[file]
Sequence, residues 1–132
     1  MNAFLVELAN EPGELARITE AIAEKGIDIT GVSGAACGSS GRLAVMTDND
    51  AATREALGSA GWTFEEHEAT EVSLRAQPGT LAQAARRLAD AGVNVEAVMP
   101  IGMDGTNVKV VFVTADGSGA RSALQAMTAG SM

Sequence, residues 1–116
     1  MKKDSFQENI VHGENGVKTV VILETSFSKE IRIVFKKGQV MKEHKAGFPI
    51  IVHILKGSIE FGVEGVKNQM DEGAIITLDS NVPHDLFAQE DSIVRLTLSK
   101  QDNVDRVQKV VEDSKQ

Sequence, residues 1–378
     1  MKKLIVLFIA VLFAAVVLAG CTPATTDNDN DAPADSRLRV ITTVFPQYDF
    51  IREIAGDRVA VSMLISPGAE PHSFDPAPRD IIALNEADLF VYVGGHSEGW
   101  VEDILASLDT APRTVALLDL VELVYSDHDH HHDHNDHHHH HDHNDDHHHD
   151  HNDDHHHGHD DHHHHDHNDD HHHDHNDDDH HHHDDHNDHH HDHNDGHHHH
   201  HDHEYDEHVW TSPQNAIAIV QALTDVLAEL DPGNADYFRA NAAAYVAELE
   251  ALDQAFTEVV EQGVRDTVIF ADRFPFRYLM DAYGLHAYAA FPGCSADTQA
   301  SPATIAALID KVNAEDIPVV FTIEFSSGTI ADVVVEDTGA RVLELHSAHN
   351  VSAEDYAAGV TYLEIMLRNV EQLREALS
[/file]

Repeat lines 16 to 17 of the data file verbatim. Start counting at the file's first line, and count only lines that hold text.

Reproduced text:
   301  SPATIAALID KVNAEDIPVV FTIEFSSGTI ADVVVEDTGA RVLELHSAHN
   351  VSAEDYAAGV TYLEIMLRNV EQLREALS